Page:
lucrative. Because of the end of World War II, society had a huge demand for construction and forestry equipment. Because of increasing demand for this type of

equipment, FGI decided to make a very daring move in 1951 and purchased an equipment manufacturing company. Now they could build, sell, and finance their own brand of

building and forestry equipment. FGI discontinued financing other brands of equipment.

For 67 years, FGI had been able to truthfully state that they have continuously increased profits year after year, even during economic downturns, and have never laid

off workers. This track record has allowed their stock to grow from $5.00 to $85.60 with six stock splits from 1975 to 1998. FGI has never issued bonds, and the

present stock value is $35

The current global downturn has caused the American economy to suffer. Oregon, Washington, and several other forestry states have encountered flooding, massive fires,

and protest from animal activists. For the first time in FGI history, profits declined—down 30% from last year—and they had to lay off one-third of their workforce.

The falling economy has also caused a drop in new-home sales: sales dropped 30% from the prior year and additional declines are expected. This has caused a domino

effect throughout the entire construction industry. Not all sectors, however, are being hit equally by the economy. Hospitals and nursing homes still have a demand for

new buildings.

Data

•    There are currently many domestic and international companies manufacturing construction and forestry equipment. Each company’s equipment offers slightly

different features and functions, which allows the market to supply many substitutes.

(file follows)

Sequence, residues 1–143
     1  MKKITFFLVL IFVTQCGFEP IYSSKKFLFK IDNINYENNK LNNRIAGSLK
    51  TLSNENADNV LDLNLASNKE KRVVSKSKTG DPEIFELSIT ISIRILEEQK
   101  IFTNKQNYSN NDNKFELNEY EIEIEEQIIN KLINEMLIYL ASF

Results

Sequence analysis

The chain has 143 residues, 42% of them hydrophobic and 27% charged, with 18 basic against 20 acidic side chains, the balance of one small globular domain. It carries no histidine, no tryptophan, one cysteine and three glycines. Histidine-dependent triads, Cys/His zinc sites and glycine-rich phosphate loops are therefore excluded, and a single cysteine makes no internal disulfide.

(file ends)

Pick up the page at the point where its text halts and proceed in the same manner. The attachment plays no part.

•    FGI has repossessed over 500 pieces of equipment during the past year. They have bundled the pieces together and determined an average price for each piece.

The present selling price is $1,732. Below are the demand figures for each price.

Demand data in millions in the past years

Price        Demand

1,990.1        123
1,732.0        182
1,634.3        350
1,252.0        380
732.1        400
622.3        456

•    In recent years, FGI had decreased its advertisement revenue, selecting to have a commercial during the Super Bowl and a few other sporting events.

FGI has cut down on manufacturing because of lack of demand. Below is the combined production cost for construction and forestry equipment. What level of demand

generates the greatest net income?

OUTPUT     PRICE    MARGINAL REVENUE     TOTAL REVENUE    TOTAL COST    FIXED COST    VARIABLE COST    MARGINAL COST     AVERAGE
FIXED COST    AVERAGE
VARIABLE COST    AVERAGE
TOTAL COST
0                        $990.0
1    $2,600.0    $2,600.0    $2,600.0    $1,050.0    $990.0    $60.0    $60.0    $990.0    $60.0    $1,050.0
2    $2,500.0    $2,400.0    $5,000.0    $1,100.0    $990.0    $110.0    $50.0    $495.0    $55.0    $550.0
3    $2,400.0    $2,200.0    $7,200.0    $1,145.0    $990.0    $155.0    $45.0    $330.0    $51.7    $381.7
4    $2,300.0    $2,000.0    $9,200.0    $1,200.0    $990.0    $210.0    $55.0    $247.5    $52.5    $300.0
5    $2,200.0    $1,800.0    $11,000.0    $1,262.0    $990.0    $272.0    $62.0    $198.0    $54.4    $252.4
6    $2,100.0    $1,600.0    $12,600.0    $1,335.0    $990.0    $345.0    $73.0    $165.0    $57.5    $222.5
7    $2,000.0    $1,400.0    $14,000.0    $1,423.0    $990.0    $433.0    $88.0    $141.4    $61.9    $203.3
8    $1,900.0    $1,200.0    $15,200.0    $1,517.0    $990.0    $527.0    $94.0    $123.8    $65.9    $189.6
9    $1,800.0    $1,000.0    $16,200.0    $1,637.0    $990.0    $647.0    $120.0    $110.0    $71.9    $181.9
10    $1,700.0    $800.0    $17,000.0    $1,772.0    $990.0    $782.0    $135.0    $99.0    $78.2    $177.2
11    $1,600.0    $600.0    $17,600.0    $1,917.0    $990.0    $927.0    $145.0    $90.0    $84.3    $174.3
12    $1,500.0    $400.0    $18,000.0    $2,091.0    $990.0    $1,101.0    $174.0    $82.5    $91.8    $174.3